With legal cannabis readily available at cafes, the Dutch government program for issuing medical marijuana through pharmacies is losing money.
Stocks of pot are piling up in Dutch pharmacies as patients seeking medical marijuana eschew it for cheaper -- and more pleasurable -- relief available at cafes. That is costing the Dutch government hundreds of thousands of euros.
Even though marijuana is legal and widely available in hundreds of Dutch cannabis cafes known as coffee shops, the Dutch government set up a program for medical marijuana in September 2003.
The idea was that patients would prefer a prescription from a pharmacy with a guaranteed strength and quality rather than take their chances in the commercial coffee shops. It didn't work out that way.
Celebrating three decades of progressive drug policies
Dutch Minister of Health Hans Hoogervorst reported last December that the program generated a loss of almost €400,000 ($520,000) in 2004.
Of the estimated 10,000 to 15,000 patients who use cannabis for medical reasons, only between 1,000 and 1,500 have taken part in the medical cannabis program. The health ministry scaled down its expected yearly sales from between 200 and 400 kilos of marijuana to just 70 kilos (154 lbs).
"It appears that doctors are not prescribing as much as we had estimated based on studies," said Bas Kuik, spokesman for the government regulated Bureau of Medical Cannabis (BMC).
The government will not yet term the program a failure but said it is being re-evaluated and a decision on it would be made later this year.
Relief from marijuana
Studies have shown that marijuana can reduce nausea and vomiting in patients undergoing chemotherapy and radiotherapy, alleviate tension in glaucoma patients and improve the appetites of people infected with HIV or suffering from AIDS.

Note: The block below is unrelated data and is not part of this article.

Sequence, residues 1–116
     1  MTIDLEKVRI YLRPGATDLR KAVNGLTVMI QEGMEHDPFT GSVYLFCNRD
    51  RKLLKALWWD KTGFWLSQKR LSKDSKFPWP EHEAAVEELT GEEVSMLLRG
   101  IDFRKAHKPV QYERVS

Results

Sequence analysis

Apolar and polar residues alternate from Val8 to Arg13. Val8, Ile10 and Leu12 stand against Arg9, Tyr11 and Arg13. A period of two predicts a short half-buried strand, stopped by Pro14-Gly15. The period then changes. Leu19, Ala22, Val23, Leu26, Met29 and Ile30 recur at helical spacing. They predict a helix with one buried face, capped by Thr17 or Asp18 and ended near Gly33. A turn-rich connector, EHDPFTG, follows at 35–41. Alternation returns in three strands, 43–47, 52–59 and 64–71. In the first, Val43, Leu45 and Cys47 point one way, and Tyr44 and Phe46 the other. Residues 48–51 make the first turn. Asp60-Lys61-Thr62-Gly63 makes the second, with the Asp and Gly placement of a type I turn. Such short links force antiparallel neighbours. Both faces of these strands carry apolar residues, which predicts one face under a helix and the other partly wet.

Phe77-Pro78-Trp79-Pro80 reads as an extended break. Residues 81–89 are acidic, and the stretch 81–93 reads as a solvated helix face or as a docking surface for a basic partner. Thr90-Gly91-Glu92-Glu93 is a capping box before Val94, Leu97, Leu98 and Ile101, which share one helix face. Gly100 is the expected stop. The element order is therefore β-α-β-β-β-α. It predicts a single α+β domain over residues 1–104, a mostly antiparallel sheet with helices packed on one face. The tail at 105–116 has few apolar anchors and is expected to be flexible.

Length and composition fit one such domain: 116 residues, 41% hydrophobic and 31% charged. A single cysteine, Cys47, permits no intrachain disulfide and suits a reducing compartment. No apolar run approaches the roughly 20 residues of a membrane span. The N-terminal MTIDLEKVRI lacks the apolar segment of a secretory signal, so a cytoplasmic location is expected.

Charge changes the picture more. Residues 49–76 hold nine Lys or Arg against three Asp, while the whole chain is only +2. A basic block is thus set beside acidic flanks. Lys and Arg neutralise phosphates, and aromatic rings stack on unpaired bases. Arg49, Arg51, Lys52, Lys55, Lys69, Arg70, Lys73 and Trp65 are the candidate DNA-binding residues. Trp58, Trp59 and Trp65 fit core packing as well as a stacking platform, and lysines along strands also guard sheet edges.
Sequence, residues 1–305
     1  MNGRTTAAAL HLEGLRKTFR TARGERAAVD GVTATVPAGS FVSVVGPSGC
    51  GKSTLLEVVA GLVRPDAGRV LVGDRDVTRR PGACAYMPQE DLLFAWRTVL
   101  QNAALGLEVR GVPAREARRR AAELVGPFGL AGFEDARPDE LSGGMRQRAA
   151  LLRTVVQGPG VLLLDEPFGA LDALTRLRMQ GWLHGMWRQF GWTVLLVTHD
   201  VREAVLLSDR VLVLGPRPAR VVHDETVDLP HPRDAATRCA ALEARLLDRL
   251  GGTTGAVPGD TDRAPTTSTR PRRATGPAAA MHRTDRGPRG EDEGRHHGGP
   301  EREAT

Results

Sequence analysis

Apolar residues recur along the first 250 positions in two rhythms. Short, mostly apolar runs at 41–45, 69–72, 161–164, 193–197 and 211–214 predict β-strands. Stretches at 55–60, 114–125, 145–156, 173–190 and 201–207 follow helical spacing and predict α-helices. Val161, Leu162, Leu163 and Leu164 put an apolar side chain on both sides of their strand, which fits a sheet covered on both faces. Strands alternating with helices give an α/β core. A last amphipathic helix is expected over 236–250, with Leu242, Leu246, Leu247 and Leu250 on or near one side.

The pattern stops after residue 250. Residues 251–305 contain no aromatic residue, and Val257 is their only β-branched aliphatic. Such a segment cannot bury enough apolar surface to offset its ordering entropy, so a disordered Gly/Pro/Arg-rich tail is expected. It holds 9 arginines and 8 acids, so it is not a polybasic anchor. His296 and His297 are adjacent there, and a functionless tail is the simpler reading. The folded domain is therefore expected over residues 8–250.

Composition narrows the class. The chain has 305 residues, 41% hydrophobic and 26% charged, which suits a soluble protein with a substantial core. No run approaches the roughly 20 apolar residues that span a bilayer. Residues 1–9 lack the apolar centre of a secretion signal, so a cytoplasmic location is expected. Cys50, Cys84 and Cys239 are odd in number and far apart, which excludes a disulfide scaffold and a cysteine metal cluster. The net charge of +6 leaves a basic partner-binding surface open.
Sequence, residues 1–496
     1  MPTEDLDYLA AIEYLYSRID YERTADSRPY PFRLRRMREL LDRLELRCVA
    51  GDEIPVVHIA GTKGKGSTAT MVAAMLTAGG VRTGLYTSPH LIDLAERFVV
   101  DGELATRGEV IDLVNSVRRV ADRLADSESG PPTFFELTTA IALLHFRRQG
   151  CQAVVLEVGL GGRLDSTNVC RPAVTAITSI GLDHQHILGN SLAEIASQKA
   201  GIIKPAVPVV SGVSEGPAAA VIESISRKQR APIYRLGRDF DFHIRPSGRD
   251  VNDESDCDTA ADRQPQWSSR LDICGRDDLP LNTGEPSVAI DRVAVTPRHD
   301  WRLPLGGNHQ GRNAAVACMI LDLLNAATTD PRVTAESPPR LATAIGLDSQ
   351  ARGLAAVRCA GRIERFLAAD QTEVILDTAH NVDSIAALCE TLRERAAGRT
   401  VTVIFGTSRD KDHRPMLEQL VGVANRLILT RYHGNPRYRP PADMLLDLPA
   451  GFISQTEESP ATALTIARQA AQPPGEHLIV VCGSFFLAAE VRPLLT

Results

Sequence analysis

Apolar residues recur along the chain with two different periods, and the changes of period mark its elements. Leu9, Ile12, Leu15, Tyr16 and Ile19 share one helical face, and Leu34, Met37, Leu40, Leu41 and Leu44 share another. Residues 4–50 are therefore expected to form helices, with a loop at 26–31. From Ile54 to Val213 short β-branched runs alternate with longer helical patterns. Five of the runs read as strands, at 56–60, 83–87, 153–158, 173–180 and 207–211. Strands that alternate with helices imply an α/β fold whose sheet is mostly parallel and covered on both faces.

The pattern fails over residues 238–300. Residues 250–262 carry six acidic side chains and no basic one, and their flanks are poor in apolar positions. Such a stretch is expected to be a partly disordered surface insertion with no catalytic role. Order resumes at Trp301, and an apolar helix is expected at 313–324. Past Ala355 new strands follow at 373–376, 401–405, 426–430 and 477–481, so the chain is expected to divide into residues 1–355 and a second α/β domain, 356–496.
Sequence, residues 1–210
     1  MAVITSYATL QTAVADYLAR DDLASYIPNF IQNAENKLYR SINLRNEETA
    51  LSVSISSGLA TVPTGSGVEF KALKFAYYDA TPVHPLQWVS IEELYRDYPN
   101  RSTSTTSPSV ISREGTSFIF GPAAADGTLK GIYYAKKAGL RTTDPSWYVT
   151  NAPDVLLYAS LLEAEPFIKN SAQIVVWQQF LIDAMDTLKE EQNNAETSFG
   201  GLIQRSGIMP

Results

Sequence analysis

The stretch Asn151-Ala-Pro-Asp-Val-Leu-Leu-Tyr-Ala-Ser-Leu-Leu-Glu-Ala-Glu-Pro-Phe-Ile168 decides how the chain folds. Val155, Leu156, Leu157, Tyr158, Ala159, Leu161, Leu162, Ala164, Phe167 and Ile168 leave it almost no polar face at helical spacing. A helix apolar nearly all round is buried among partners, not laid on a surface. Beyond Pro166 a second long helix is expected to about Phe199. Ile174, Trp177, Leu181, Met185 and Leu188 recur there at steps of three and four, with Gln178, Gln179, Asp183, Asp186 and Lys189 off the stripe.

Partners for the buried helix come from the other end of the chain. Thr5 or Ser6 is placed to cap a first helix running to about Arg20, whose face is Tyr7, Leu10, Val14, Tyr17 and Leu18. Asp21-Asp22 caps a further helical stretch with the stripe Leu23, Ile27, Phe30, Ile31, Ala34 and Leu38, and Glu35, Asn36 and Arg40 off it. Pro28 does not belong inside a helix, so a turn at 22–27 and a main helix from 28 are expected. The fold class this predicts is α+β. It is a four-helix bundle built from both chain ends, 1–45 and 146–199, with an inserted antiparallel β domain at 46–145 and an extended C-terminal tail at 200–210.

The Dutch decriminalized the use of cannabis in the 1970s and currently allow the sale through authorized bars known as coffee shops. Sales are limited to five grams per person and growing marijuana is forbidden.
Most attribute the growing stockpiles to cost.
Forbidden medicine - doctors weigh in on the debate
"Problem number one is the price," said James Burton, one of two officially-recognized growers of medical marijuana until this year when the government ended its contract with him. "Medical marijuana is sold at some €9 a gram while in a normal coffee shop you can get a gram of cannabis at €4.50 to €5. There is a market out there, just not at this price."
The American has a long history with the drug. As a glaucoma patient, he uses marijuana to ease tension. He was jailed in the United States for growing the herb before he moved to the Netherlands in 1991.
Smoking more fun
Another problem for patients is that the Dutch national health service does not reimburse prescriptions and only a few private health insurers do.
At government prices, that means a prescription such as Burton needs -- 90 grams a month -- costs over €800.
This is simply too much for most patients.
Kuik insisted that the BMC does not make any money from medical marijuana and explained the mark-up was necessary because of tax, research, sterilization, packaging and logistics.
He added that there is another possible reason for the unpopularity of medical marijuana. "The medical cannabis is made to be inhaled in a steam treatment or infused and drunk like tea and not for smoking," he said. "Maybe that is a disappointment for people expecting to smoke it but of course the ministry of health cannot encourage smoking."